times it be so far off, that it may well have slipped out of his mind, and requires a very attentive reader to observe, and so bring the disjointed members together, as to make up the connexion, and see how the scattered parts of the discourse hang together in a coherent, well-agreeing sense, that makes it all of a piece.

Besides the disturbance in perusing St. Paul's epistles, from the plenty and vivacity of his thoughts, which may obscure his method, and often hide his sense from an unwary or over-hasty reader; the frequent changing of the personage he speaks in renders the sense very uncertain, and is apt to mislead one that has not some clue to guide him; sometimes by the pronoun, I, he means himself; sometimes any Christian; sometimes a Jew, and sometimes any man, &c. If speaking of himself, in the first person singular, has so various meanings; his use of the first person plural is with a far greater latitude, sometimes designing himself alone, sometimes those with himself, whom he makes partners to the epistles; sometimes with himself, comprehending the other apostles, or preachers of the Gospel, or Christians: nay, sometimes he in that way speaks of the converted Jews, other times of the converted Gentiles, and sometimes of others, in a more or less extended sense, every one of which varies the meaning of the place, and makes it to be differently understood. I have forborne to trouble the reader with examples of them here. If his own observation hath not already furnished him with them, the following Paraphrase and Notes, I suppose, will satisfy him in the point.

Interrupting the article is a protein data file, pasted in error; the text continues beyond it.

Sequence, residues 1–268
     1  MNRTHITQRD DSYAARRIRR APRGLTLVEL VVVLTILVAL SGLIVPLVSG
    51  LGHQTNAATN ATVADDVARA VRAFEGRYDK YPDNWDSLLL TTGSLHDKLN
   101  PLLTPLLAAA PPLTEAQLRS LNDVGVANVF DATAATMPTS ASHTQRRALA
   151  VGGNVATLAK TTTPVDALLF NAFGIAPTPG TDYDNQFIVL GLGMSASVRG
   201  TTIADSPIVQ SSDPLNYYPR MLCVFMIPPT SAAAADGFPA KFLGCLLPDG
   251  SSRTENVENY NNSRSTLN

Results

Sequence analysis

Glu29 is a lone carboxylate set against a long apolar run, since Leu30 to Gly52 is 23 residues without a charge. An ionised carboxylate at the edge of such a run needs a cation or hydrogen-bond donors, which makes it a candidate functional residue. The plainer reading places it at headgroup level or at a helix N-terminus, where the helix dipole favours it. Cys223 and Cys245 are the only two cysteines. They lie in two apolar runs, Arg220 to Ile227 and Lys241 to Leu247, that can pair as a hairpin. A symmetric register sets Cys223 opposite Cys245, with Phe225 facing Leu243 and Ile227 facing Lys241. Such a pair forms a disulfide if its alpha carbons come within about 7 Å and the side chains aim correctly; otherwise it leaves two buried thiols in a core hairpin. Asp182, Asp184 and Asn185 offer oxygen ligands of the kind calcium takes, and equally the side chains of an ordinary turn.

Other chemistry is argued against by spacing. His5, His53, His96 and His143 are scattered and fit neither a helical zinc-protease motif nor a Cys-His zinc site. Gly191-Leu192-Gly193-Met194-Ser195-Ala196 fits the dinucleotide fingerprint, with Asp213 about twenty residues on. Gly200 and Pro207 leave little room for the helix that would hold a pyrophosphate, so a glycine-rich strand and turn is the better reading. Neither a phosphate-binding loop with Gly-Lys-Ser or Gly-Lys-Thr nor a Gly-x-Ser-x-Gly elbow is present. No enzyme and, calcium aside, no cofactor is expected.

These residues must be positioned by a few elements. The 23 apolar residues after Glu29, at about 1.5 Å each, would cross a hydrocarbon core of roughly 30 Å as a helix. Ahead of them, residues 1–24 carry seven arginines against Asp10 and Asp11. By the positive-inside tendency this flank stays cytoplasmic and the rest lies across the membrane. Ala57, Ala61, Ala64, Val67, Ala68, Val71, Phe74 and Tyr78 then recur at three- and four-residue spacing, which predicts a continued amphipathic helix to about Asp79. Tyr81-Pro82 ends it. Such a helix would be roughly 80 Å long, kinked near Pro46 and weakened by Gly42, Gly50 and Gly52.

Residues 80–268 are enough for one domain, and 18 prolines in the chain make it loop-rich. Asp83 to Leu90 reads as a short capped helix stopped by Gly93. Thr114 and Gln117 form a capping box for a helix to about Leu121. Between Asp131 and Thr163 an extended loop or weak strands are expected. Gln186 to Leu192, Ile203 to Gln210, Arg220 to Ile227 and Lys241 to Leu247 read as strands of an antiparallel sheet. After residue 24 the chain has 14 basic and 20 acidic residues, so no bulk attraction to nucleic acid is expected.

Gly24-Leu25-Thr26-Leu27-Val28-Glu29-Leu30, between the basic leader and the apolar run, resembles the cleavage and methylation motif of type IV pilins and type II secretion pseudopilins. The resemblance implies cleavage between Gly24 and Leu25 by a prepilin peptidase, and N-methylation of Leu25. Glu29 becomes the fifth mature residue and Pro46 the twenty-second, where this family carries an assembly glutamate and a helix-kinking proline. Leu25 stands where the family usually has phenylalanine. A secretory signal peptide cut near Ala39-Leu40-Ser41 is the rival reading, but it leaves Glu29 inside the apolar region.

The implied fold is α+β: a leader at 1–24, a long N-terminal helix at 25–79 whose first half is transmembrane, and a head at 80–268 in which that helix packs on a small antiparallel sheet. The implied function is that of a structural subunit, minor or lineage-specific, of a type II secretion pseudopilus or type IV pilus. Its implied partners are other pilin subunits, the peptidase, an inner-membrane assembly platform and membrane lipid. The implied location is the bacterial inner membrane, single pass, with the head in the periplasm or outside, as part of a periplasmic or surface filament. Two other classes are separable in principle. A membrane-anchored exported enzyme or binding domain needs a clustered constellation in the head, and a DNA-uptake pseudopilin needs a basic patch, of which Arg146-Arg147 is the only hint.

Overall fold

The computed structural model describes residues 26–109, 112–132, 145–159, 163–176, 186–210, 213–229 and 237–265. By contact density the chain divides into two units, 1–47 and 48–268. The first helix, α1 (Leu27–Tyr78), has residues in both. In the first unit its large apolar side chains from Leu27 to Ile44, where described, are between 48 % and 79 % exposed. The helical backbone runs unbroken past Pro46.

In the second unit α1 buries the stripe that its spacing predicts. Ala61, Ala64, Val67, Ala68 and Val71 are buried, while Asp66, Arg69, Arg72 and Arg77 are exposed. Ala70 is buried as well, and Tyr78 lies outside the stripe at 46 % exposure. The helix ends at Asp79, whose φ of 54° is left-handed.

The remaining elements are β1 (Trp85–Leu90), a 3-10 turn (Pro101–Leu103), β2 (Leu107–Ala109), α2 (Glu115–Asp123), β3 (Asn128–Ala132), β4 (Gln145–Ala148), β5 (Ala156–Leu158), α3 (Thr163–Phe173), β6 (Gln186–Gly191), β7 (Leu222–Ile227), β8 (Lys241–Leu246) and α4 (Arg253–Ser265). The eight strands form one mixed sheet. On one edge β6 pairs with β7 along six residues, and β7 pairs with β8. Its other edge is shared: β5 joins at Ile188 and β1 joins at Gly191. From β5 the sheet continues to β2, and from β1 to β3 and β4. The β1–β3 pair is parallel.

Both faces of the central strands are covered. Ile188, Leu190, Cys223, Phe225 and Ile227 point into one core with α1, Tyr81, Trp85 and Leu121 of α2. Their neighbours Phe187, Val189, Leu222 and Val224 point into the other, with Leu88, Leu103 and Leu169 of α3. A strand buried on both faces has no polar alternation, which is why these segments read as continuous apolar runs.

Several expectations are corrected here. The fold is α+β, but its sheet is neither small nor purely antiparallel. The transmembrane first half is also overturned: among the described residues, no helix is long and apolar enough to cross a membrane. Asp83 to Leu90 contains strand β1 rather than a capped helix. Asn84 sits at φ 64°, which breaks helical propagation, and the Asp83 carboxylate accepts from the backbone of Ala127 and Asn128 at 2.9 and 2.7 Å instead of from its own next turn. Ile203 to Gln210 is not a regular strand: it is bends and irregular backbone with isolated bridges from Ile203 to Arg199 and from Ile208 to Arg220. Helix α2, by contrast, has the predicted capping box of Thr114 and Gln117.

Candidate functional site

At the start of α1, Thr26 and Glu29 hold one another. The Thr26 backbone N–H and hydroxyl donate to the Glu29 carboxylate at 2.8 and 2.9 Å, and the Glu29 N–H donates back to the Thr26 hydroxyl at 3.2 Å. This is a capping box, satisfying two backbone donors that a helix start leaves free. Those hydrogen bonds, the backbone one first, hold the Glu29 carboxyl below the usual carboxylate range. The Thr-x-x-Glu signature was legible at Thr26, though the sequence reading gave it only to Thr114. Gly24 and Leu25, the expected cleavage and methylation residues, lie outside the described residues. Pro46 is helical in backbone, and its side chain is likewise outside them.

In the current also of his discourse he sometimes drops in the objections of others, and his answers to them, without any change in the scheme of his language, that might give notice of any other speaking besides himself. This requires great attention to observe; and yet, if it be neglected or overlooked, will make the reader very much mistake and misunderstand his meaning, and render the sense very perplexed.

These are intrinsic difficulties arising from the text itself, whereof there might be a great many other named, as the uncertainty, sometimes, who are the persons he